The UK could build up to seven new nuclear power stations in a bid to boost its homegrown energy supply in the wake of Russia’s invasion of Ukraine, a cabinet minister has revealed.
“There is a world where we have six or seven sites in the UK” by 2050, business secretary Kwasi Kwarteng told The Sunday Telegraph.
The newspaper said ministers have agreed to establish a new “development vehicle”, dubbed Great British Nuclear, it hopes will identify sites, slash red tape to speed up the planning process, and bring together private firms to run each site.
The government’s opening move is to significantly expand its existing commitment to back one large-scale nuclear power station by 2024, set to be announced by Boris Johnson.
It follows reports over the last few weeks that the prime minister and Mr Kwarteng had been at odds with chancellor Rishi Sunak over securing funding for new plants.
But the newspaper claims that a meeting between Mr Johnson and Mr Sunak on Wednesday concluded with a consensus to expand the UK’s existing network of nuclear plants, all but one of which are due to be decommissioned come 2030.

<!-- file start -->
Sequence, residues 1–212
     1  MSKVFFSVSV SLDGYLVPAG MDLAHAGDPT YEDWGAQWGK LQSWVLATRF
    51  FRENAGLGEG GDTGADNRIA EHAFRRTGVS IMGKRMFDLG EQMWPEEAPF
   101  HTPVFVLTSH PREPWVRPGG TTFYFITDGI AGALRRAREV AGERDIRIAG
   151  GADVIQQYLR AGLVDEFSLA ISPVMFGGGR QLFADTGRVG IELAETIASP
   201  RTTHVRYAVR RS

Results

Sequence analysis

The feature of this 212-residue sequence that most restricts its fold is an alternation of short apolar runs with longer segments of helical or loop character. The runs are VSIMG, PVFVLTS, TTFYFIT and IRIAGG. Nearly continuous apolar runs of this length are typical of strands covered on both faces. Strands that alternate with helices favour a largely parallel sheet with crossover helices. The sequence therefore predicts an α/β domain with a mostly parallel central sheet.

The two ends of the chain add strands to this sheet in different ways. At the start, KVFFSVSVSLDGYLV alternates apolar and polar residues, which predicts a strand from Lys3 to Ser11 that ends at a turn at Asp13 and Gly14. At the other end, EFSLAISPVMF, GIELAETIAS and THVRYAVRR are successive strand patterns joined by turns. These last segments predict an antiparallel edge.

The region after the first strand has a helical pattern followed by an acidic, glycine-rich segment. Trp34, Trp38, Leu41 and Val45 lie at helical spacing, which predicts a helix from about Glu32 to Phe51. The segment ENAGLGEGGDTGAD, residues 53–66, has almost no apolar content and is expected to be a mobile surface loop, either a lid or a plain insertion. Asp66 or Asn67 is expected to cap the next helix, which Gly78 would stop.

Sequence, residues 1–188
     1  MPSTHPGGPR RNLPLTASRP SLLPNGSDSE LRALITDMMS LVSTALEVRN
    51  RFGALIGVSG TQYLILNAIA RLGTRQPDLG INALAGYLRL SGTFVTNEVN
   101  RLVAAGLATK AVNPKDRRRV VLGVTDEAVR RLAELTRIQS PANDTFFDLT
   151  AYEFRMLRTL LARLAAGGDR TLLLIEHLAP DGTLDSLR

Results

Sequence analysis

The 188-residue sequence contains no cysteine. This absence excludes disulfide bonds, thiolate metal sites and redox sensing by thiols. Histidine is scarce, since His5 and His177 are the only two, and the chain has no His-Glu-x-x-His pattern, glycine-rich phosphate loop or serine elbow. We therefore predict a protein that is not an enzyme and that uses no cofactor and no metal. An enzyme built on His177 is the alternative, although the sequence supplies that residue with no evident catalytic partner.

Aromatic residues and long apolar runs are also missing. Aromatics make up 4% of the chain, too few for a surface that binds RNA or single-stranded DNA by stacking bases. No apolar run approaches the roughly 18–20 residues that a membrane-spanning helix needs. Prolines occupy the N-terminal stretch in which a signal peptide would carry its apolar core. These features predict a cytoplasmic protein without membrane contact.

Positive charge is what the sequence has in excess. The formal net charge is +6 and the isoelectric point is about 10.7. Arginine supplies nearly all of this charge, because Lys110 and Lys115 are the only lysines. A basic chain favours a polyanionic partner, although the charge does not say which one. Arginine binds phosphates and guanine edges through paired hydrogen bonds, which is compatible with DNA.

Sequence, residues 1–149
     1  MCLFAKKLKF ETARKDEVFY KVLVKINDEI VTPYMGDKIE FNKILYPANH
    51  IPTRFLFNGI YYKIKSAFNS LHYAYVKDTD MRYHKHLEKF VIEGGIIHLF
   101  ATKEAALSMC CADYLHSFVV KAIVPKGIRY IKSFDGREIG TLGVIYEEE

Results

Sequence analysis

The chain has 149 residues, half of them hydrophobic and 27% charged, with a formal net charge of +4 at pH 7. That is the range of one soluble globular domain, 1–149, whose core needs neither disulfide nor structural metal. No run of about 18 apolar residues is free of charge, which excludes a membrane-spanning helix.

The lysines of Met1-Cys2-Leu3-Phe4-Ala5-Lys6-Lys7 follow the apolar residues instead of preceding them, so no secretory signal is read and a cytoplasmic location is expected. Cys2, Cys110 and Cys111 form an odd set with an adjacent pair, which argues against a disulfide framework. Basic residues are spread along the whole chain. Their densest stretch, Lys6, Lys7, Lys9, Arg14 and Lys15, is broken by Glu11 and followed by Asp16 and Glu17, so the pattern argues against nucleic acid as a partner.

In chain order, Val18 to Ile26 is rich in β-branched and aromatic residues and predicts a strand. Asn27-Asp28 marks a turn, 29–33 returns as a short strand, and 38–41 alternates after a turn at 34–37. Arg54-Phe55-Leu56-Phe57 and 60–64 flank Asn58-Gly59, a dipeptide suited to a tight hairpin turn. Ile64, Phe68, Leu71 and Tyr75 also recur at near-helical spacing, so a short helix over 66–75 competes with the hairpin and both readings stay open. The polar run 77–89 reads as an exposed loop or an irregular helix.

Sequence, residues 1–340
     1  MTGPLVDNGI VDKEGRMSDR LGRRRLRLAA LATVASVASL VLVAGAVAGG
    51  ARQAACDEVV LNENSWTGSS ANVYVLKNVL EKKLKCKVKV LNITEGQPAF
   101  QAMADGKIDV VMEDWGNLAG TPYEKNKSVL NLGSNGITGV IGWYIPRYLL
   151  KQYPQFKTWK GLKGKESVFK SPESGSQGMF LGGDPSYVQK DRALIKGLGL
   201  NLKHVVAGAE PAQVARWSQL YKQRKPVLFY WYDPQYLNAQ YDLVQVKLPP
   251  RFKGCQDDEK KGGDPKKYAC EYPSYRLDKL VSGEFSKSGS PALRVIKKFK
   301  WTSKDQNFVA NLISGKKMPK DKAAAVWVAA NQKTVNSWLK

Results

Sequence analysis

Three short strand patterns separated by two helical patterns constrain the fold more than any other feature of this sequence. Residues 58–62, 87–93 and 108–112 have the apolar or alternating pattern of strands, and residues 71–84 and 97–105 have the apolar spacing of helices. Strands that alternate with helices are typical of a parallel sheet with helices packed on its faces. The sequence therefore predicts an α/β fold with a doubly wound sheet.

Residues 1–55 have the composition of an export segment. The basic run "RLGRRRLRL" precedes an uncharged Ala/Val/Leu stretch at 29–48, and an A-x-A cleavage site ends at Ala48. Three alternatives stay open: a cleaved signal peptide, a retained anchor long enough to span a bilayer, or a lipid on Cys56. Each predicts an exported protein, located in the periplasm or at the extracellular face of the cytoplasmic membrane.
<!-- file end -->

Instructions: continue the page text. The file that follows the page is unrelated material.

Britain’s new energy security strategy, set to be unveiled on Thursday, is expected to commit the government to supporting the construction of at least two new large-scale nuclear plants by 2030, as well as to small modular reactors.
The prime minister and the business secretary will then set their sights on more than tripling the country’s existing seven gigawatts of nuclear capacity to 24GW by 2050, the newspaper continues.
Mr Kwarteng said of France, which now relies on nuclear power for the majority of its electricity: “It has cost a fortune, but it has given them a measure of independence which is envied, frankly, by other people on the continent, by the Germans, for example, and the Italians.”
The Telegraph was also told by another source that the prime minister hosted a roundtable last week with renewable energy firms to urge industry bosses to build a “colossal” offshore windfarm in the Irish Sea within the next year.
Mr Johnson is said to have told those present that he has “a dream” that a giant floating windfarm could produce “gigwatts of energy and do it within a year”.
A document currently being finalised by Downing Street is expected to push nuclear and offshore wind energy to centre stage following rows stirred up by Mr Kwarteng’s bid to boost onshore windfarms, despite the moratorium imposed under David Cameron’s leadership in 2015.
It is anticipated the move will raise the prospect of relaxing planning laws in England, making it easier to erect turbines on land.
But in the face of opposition, Mr Kwartend accepted: “Any movement has to have a large measure of consent.”